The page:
Working with kids is what I do, and if you haven’t read my previous post ‘Dear Shitty Parents‘ – please head on over and read it…like it, comment on it!
Recognizing that young people are like plants is part one of my job. Each child comes in a different shape and size, with different abilities and preferences. Their Microsystems or ‘Soil‘ is their family, peers, school, church and access to the health system. Extended family, mass media, local politics and policies, social services and parents’ job are the Exosystem or the “weather and animals” that effect the plant. There are two other systems and I won’t bore you to death with the Socioecological System of Resiliency. (Whoa, I’m putting my diploma to good use here!!)
Anyway, back to the young people are like plants and soil topic.
Working in the education system, I see a lot of kids who have been planted in ‘good soil’ and also in ‘bad soil’. 8 times out of 10, it’s the child who comes from the bad soil that I am paired with. Their parents aren’t able to care for them, may be substance abusers and physically abuse, sexually abuse or neglect their child. Sometimes, it’s all of those. That’s where people in my profession come in.
To me, educational assistants, are fertilizer. So what does that mean? Well many of the students we work with are unable to advocate for themselves, so we go to bat for them. We request training, meetings and specialized equipment to ensure student success…in short, we take that crappy soil, and try to turn it into something that can allow that child to grow, branch out and flower.
SIDE NOTE: Before I start to get pissy comments saying ‘My kid has an EA and comes from a good home!’ Yes, I know, there are children who require an EA because of developmental difficulties. However, more and more frequently, EA’s are being paired with the child who is referred to as ‘behavioural’….which is a nice way of saying “They kick the shit out of teachers, administrators and other students and are otherwise undiagnosed.” Meaning, yes, I understand that a child with a diagnosis may have some behavioral difficulties -but the key word there is DIAGNOSED.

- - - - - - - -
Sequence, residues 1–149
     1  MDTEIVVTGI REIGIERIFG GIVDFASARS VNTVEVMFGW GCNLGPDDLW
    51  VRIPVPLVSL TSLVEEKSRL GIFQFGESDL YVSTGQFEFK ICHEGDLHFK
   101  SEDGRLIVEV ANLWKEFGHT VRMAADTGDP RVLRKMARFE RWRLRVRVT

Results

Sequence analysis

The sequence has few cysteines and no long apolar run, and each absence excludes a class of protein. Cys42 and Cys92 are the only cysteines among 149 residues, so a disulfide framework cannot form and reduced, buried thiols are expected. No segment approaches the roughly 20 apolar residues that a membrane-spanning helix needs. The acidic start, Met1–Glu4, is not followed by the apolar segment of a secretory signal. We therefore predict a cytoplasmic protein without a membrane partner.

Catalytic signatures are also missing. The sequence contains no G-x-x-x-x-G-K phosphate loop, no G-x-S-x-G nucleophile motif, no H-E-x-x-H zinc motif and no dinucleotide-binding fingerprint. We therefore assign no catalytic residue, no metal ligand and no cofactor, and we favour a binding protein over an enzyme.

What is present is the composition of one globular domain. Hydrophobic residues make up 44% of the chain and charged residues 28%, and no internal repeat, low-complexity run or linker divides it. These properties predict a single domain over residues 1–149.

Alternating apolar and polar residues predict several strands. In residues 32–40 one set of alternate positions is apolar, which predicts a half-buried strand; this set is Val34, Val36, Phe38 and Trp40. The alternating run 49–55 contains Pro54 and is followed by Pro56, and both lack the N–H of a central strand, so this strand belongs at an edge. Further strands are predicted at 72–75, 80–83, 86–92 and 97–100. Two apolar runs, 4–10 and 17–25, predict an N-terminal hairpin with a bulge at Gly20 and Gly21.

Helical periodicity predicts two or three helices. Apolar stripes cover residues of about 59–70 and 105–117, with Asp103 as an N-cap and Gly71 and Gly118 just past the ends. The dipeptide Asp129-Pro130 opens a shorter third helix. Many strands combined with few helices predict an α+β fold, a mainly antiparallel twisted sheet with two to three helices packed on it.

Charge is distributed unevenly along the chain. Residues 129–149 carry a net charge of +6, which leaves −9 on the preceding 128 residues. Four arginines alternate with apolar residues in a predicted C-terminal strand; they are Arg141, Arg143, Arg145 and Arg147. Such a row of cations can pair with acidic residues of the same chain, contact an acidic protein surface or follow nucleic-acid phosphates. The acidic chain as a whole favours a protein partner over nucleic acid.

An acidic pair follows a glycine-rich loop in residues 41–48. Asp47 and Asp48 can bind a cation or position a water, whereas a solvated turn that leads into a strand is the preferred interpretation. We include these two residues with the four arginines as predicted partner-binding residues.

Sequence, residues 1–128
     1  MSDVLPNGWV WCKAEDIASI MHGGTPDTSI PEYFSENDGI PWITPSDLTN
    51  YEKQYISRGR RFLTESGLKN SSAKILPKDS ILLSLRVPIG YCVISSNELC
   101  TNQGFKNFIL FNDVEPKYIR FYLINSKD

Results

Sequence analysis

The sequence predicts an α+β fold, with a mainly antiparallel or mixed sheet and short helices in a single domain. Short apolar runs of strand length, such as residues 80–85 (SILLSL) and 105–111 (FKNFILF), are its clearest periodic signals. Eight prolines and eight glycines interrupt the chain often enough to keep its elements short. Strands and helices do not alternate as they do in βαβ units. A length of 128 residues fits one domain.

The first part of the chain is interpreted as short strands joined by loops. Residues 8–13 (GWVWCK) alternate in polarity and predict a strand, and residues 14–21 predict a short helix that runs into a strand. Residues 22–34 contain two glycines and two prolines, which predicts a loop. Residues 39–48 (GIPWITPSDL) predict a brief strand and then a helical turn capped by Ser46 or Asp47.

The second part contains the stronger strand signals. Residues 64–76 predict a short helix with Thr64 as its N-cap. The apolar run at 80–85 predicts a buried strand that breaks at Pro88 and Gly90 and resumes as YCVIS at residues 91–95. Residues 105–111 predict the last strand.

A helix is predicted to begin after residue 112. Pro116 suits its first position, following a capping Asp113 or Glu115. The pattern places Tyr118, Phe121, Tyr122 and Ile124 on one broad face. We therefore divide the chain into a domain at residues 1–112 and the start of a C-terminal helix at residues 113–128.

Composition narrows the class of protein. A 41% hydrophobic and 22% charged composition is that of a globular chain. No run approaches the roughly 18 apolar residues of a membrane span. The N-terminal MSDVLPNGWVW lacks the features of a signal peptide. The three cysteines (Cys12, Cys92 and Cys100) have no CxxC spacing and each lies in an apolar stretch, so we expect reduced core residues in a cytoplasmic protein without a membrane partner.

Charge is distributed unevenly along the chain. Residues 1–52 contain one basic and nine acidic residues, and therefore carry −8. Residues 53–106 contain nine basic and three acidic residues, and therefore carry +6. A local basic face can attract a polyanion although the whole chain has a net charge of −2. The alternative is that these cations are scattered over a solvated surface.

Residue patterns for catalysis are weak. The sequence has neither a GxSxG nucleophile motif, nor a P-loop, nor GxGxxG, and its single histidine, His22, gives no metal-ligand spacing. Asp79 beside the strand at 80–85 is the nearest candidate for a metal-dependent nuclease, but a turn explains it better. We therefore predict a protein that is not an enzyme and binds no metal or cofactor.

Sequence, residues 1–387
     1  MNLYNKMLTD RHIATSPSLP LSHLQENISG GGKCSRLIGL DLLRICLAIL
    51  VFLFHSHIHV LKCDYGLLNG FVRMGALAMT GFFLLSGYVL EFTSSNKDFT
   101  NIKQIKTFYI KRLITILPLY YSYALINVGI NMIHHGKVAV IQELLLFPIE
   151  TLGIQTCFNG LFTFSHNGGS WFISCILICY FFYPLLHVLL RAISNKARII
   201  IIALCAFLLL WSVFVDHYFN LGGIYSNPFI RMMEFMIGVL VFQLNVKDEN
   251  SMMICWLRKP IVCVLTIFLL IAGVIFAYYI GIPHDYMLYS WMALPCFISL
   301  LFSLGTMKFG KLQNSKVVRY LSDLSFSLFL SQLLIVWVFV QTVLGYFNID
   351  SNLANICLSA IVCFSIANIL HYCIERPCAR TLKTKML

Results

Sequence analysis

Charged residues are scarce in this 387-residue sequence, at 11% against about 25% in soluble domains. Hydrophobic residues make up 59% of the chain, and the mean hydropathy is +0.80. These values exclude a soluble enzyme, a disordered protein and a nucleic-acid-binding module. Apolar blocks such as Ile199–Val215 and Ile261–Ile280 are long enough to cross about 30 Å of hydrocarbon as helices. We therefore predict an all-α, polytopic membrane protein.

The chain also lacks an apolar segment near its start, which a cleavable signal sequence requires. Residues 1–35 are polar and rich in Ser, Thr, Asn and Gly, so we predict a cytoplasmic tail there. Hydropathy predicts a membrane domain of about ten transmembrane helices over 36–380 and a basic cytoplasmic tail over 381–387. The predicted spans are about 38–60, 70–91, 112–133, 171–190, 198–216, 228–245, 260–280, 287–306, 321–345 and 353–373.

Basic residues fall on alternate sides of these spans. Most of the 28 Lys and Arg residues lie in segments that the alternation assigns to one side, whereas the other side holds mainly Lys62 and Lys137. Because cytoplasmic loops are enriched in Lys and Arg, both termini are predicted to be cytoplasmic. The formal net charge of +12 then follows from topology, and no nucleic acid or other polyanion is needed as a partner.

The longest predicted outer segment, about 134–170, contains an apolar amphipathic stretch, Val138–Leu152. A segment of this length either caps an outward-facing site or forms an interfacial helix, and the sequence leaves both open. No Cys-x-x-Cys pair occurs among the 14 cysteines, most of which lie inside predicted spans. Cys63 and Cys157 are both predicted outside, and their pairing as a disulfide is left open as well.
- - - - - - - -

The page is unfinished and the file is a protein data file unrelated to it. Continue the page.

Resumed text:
Honing in on a child’s resiliency is an uphill battle a lot of the time – especially when it comes to the children with a poor home life. That soil this child is coming from makes my job difficult, but every once in a while, you see that even the most fragile of plants can grow from the worst conditions. And that my friend, makes my job all the worth the effort.
If you want to hear from a person outside the profession, check out Gary Direnfeld.
“The EA is the system the educational system has put in place to enable the challenged students’ participation in education, to facilitate learning, to in turn facilitate later autonomy, independence and social functioning.” Gary Direnfeld